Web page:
Collecting First Editions: Storage

Storage is perhaps the biggest challenge when it comes to collecting first editions. Proper storage slows the natural deterioration of paper and print over time, and minimizes damages from the elements. Here, I'll talk about a few measures I take. They are by no mean authoritative, so take them for what they are worth.

The first and simplest thing to do is to keep a book out of sunlight or florescent light. Prolonged exposure to intense light damages a book in two ways. Printed materials, like the valuable dust jacket or the typeset of a book, tend to fade. This is known as sunning and it most commonly affects the spine of a dust jacket or a book. For example, see the sunned spines of The Orchard Keeper's or The Prague Orgy's dust jackets. Paper, on the other hand, tends to darkened over time under intense light, and the edges of a dust jacket are most susceptible to this darkening, which actually weakens its structure, causing it to crumble over time. This explains why the top edges of dust jackets tend to flake off with age. See, for example, Jean's Stafford's Collected Stories. The easiest way to prevent these irreversible damages is to place your books away from direct sunlight. For valuable ones, consider investing a clamshell or solander box, but that tend to be quite expensive (a ready made box costs USD 150 and above, and customized ones are more expensive). In place, any archival box works. I get normal boxes from ikea (USD 3 per box) , lined the inside with archival plastic sheets before using them for book storage.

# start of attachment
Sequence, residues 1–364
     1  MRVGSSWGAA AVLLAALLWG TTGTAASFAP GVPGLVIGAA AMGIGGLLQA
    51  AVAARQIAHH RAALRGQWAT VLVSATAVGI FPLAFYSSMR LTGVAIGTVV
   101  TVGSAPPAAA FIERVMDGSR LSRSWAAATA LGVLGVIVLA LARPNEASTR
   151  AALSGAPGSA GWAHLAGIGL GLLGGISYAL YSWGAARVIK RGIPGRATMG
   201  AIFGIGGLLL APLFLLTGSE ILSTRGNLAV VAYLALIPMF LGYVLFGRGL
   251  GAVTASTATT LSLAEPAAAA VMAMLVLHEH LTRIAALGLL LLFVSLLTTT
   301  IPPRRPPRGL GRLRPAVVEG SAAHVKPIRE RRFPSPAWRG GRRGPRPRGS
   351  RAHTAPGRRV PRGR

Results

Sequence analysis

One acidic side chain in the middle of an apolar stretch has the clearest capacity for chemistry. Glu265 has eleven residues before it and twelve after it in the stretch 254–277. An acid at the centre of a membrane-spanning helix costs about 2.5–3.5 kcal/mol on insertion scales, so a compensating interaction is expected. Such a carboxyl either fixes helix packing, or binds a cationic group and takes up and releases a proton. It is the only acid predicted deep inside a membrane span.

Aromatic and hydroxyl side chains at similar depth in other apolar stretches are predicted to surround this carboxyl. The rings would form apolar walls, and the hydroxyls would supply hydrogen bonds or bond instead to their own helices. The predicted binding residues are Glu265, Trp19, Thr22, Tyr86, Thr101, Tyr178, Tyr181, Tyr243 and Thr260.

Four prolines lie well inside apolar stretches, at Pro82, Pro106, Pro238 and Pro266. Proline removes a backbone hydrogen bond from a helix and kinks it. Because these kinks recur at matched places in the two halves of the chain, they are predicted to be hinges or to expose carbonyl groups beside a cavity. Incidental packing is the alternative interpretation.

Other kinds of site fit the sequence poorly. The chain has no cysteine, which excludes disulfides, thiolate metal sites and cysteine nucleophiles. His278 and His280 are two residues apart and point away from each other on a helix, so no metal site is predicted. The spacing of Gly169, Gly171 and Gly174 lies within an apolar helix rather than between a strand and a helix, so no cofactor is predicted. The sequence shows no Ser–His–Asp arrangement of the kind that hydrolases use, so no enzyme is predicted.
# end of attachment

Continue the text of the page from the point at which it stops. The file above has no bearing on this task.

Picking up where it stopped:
The second thing is the combination of humidity and temperature. Ideally, books should be stored at constant temperature and relative humidity of 15-20 degree Celsius and 40-50% respectively. This is mainly to retard the process of foxing and to prevent mold or mildew growth. Foxing refers to the appearance of brown spots - due to chemical reaction, mainly oxidation of residual iron or copper in the paper - on book pages. These spots do not weaken the paper structure. See, for example, The Great Gatsby's full title page. Books with mold or mildew growth present a greater problem, as it does weaken the paper structure - and a health hazard, and should be treated by the professionals. Controlling humidity and temperature require special equipment and is expensive. A good way is to use a wine fridge that immediately provides for temperature control. High end wine fridge has an in-built humidification function that rises the relative humidity to 65% to ensure that wine corks do not dry out, so avoid it. Instead, pick a cheap one that does not come with such a function. See picture below. An alternative is a dry cabinet, usually used for the storage of photo lens. The dry cabinet controls humidity but not temperature, and is usually more expensive on a per unit storage space basis. The cheapest alternative is to store the books in a normal cabinet along with disposable dehumidifiers. I find this to work quite well (see last pic below), especially if you make it a point to air the cabinet regularly.

The third thing is dust and other micro materials. At best, they dull the top edge of books and at worst, they provide the food source for molds. Regular dusting is a simple solution, as is storing the books in boxes. To these, I add a third alternative: storing each book in a sealed ziplock bag. Note that some book sellers vehemently oppose this for fear of creating a micro climate and of the bag releasing toxic gases, but a professional conservationist who works at a national museum once told me, "if the ziplock bag is good enough to store food, it is good enough to store books".  I followed his advice and has no issue with gas or micro climate thus far. Keeping individual books in ziplock bag also prevents water and pest hazards.